Together with UN Secretary-General Ban Ki-moon, Mr Eide reopened the Security Council Chamber in New York on Tuesday evening.
"Norway wanted the chamber to inspire efforts to meet the goal at the heart of the UN mandate: to create peace and security. Since 1945, we have seen that wars between states have become the exception rather than the rule, and that the UN's original vision of peace between states has to a large extent been fulfilled. At the same time, we all know that the Security Council is still facing challenges. Conflicts within countries have increased, new security threats have arisen, and the global balance of power is changing rapidly. The Security Council needs to adapt to these changes in order to retain its legitimacy. For example, the emerging powers must be better represented," said Mr Eide.
The renovation of the Chamber has taken three years. Asbestos has been removed, and a new ventilation system and facilities for modern communications technology have been installed. Norway has provided 8.2 million dollars towards the renovation of the whole UN Headquarters, and some of this has been used on the Security Council Chamber.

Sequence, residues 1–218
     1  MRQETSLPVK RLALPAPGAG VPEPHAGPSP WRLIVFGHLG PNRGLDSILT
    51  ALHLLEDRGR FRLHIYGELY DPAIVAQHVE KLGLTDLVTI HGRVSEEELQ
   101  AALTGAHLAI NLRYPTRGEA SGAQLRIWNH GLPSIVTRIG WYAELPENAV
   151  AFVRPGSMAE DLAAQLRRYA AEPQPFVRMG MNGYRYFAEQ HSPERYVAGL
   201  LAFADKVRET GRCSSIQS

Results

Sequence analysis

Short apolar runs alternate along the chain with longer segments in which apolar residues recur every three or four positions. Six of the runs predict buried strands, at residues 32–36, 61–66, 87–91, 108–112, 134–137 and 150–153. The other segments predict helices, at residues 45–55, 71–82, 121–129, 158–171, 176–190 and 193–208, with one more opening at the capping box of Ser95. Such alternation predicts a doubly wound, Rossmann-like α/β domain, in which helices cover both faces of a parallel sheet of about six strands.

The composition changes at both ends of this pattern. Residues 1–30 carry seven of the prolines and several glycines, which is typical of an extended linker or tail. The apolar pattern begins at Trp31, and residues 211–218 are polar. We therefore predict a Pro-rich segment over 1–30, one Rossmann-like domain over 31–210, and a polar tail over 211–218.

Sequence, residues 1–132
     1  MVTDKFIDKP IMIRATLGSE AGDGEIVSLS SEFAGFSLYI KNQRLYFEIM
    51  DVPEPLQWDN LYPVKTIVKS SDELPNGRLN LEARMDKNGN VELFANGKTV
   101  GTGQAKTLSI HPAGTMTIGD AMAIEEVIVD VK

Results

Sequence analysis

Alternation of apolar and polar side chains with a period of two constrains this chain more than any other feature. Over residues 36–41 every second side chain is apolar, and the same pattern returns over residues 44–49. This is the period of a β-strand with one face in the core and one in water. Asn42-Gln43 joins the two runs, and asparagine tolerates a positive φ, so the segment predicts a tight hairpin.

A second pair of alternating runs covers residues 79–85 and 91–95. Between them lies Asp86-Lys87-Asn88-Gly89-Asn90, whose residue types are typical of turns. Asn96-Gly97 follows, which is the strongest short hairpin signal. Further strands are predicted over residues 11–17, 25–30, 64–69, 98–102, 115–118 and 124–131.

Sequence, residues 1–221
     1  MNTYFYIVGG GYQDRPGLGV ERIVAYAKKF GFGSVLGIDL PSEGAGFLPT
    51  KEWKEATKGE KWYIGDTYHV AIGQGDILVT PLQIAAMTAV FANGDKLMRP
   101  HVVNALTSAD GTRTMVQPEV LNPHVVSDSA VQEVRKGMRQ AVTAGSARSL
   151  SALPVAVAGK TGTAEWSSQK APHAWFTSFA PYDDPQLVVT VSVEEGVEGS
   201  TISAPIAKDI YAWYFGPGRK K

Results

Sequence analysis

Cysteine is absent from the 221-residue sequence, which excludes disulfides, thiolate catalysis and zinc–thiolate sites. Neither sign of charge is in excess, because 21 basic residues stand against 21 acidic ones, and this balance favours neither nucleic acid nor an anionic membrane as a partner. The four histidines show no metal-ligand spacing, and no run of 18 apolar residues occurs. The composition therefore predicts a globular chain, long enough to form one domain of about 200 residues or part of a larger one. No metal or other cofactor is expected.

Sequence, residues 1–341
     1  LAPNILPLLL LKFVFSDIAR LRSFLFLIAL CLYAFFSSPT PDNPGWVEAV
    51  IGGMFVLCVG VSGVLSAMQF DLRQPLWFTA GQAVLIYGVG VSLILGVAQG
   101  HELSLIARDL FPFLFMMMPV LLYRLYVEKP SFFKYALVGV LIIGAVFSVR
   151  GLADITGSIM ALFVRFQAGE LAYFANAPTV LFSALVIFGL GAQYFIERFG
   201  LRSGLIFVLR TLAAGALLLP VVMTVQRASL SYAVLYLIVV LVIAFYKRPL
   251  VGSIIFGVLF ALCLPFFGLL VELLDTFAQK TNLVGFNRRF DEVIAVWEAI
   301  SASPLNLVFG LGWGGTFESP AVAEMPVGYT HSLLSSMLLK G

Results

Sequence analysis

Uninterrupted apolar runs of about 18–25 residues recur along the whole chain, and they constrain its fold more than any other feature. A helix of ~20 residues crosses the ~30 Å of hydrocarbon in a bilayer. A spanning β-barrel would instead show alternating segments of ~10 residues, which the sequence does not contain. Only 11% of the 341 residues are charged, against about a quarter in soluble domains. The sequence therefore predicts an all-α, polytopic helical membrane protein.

"The architect behind the Security Council Chamber, Arnstein Arneberg, designed the chamber so that it would withstand the test of time. It was decided that, after renovation, the Security Council Chamber was to look exactly as it did in 1952, which shows how successful Arneberg's design has been. Many aspects of the Security Council Chamber are reminiscent of the interior of the Oslo City Hall, the venue for the presentation of the Nobel Peace Prize," said Mr Eide.
Secretary-General Ban Ki-moon thanked Norway for its contribution and encouraged all countries to be inspired by this beautiful room in their work to foster peace in the world.
Watch the movie made for the re-opening of the UN Security Council Chamber.
Watch webcast from the opening ceremony.